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Joel David Kaplan was put behind bars for murdering his business partner in 1962, and made numerous attempts to escape.
However, it wasn't until almost a decade later that he finally made it out, by helicopter.
The audacious escape, which Kaplan made with cellmate Carlos Antonio Contreras Castro, was the first of its kind and later depicted in the 1975 Charles Bronson movie Breakout.
According to reports, guards at the Santa Martha Acatitla prison, Mexico City, were fooled into thinking the chopper belonged to a general, so allowed it to leave with the prisoners on board.
After numerous failed attempts, including tunnelling out and bribing an official to drive him out of the prison, Kaplan's wife got in touch with Victor E. Stadter, a 50‐year‐old 'smuggler' from California.
Stadter had the idea of painting his helicopter blue so that it matched the one used by the Mexican Attorney-General, Julio Sanchez Vargas.
He then hired Vietnam War veteran Roger Hershner to pilot the mission.
Due to the paint job, guards at the prison believed it was the general and saluted the aircraft as it landed.
They only realised what had really happened once Kaplan was on board and Hershner had made off into the night. Following the embarrassing jailbreak, dozens of guards were arrested and interrogated.
After picking up the inmates, Hershner headed back over the boarder to Texas, where, despite having just helped two prisoners escape, he was given clearance to land.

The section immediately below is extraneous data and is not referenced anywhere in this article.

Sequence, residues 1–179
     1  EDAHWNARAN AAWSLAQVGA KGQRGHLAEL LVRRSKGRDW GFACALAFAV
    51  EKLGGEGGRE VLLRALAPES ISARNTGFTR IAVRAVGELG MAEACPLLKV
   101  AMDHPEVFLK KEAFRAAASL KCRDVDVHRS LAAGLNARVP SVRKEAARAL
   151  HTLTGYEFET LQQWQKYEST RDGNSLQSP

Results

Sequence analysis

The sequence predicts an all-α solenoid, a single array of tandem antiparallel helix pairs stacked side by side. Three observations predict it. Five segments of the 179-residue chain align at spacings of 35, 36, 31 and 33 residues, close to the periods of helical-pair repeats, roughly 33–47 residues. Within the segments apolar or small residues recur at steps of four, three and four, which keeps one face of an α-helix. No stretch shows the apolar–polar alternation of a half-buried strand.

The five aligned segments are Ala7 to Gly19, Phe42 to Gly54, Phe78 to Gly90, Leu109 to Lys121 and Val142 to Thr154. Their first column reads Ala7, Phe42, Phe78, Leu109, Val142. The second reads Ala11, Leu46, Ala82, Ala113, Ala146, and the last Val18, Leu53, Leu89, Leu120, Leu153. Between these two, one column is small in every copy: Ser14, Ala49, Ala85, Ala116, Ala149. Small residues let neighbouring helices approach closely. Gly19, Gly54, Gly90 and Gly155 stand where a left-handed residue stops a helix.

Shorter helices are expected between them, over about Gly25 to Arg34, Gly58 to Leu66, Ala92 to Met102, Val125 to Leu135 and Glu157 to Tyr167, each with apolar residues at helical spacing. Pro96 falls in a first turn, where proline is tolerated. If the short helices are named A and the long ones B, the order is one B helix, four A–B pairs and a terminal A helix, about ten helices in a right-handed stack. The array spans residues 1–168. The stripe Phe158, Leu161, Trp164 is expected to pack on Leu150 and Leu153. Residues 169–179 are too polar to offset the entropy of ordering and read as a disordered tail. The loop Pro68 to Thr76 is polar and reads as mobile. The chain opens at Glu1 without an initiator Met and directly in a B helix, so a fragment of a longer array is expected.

The United States Department of Justice also told the New York Times that Kaplan was also not sought by the FBI as a result.
This was due to a loophole of Mexican law at the time that stated escaping from prison was only a crime if violence was used, which Stadter said it hadn't.
He told the publication: "No violence was used. There was nothing extralegal."
Kaplan, who maintained his innocence regarding his murder conviction, died in Miami in 1988.
Hershner died in a helicopter crash in 2014 while flying from Washington state to Virginia to work for the Forest Service.
Speaking following his death, CalFire Captain Arnold Ramirez said he didn't really talk about the prison break, but if you asked him about it, he would give a detailed account of what happened.
Brian Kliesen reportedly flew with Hershner in New Mexico and said he was an 'an exceptional pilot, an excellent firefighter and a good friend'.
He told the Sequim Gazette: "His exploits in the helicopter industry will be long remembered."
You can read about the story in detail in the book 'The 10-Second Jailbreak: The Helicopter Escape of Joel David Kaplan'.
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